Spontaneous rotational symmetry breaking due to superconductivity is a rare and remarkable phenomenon. Superconductors exhibiting rotational symmetry breaking from multi-component order parameters can be called nematic superconductors (24), in analogy with the nematic liquid crystals and nematic electronic states in non-superconducting metals (25); (26). Nematic and chiral superconductivity, the latter breaking time-reversal symmetry, are the two distinct and competing states of multi-component superconductors, corresponding to real and complex order parameters respectively (6); (1). Broken rotational symmetry has previously been reported in the heavy-fermion superconductor UPt (29) under a magnetic field (28). In addition, the A phase in a narrow temperature range at zero field is likely rotational symmetry breaking, which however may be due to antiferromagnetic order already present in the normal state (31); (30). Thus the recent discovery of broken rotational symmetry in CuBiSe, without broken time-reversal symmetry, may potentially open a fruitful research direction.

Motivated by the recent experimental progress, in this work we study the upper critical field of trigonal nematic superconductors within the framework of Ginzburg-Landau (GL) theory. Such GL theory admits a new trigonal gradient term which is not allowed in hexagonal crystals (27). We relate the gradient terms to Fermi surface and gap function anisotropies by a microscopic calculation of the GL coefficients. Building on and generalizing the previous work (27), we show that the upper critical field generically displays a sixfold anisotropy within the basal plane of trigonal crystals. We further show that a uniaxial strain acts as a symmetry-breaking field in nematic superconductors, which directly couples to the bilinear of the two-component superconducting order parameter. As a result, in the basal plane exhibits a twofold anisotropy with a distinctive angle and temperature dependence, similar to theoretically expected results for UPt in the presence of anti-ferromagnetic order (46); (47). Our findings suggest that measurement of the upper critical field is a direct method of detecting nematic superconductivity. In particular, this method may shed light on the pairing symmetries of other superconducting doped topological insulators SrBiSe (32); (33), NbBiSe (34) and TlBiTe (35), which have yet to be determined.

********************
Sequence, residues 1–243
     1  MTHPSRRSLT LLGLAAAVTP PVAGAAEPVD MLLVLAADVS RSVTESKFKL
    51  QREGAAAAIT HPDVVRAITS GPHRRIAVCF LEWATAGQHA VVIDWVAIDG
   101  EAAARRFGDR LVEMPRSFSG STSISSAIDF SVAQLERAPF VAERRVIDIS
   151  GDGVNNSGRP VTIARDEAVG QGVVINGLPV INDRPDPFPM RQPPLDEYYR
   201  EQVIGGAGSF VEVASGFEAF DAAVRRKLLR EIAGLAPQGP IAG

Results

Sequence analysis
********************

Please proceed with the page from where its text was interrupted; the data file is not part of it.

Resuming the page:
## Ii Ginzburg-Landau theory

We start by constructing the GL theory of odd-parity two-component superconductivity in crystals with point group and strong spin-orbit coupling. The pairing potential , which is a -dependent matrix in spin space, takes the following form

(1) |

The pairing potential is a linear superposition of two degenerate components , the basis functions of the two-dimensional pairing channel (specific gap functions are given in the Supplementary Material, Sec. III). For odd-parity superconductors the pairing components satisfy . As basis functions of , the two partners transform differently under the mirror symmetry , i.e., is even whereas is odd. A key property of (doped) BiSe materials is strong spin-orbit coupling that locks the electron spin to the lattice. The two complex fields define the superconducting order parameters . In contrast, in case of triplet superconductors in spin-rotation invariant materials the order parameter components are vectors in spin space.

The GL theory of two-component superconductivity is formulated in terms of the order parameters and the GL free energy is the sum of a homogeneous term and a gradient term given by , where and are the corresponding free energy densities. In addition, the free energy contains a Maxwell term , which for our purposes can be taken as a constant. The free energy densities and are polynomial expansions in the order parameter fields and their gradients, and consist of all terms invariant under the symmetry group of the crystal. For two-component trigonal superconductors the homogeneous contribution is the same as the corresponding expression for hexagonal symmetry (6); (1),

(2) |

to fourth order in , and we have defined . The coefficients and are phenomenological constants of the GL theory. The sign of GL coefficient determines the nature of the superconducting state, selecting either chiral or nematic order (24); (36).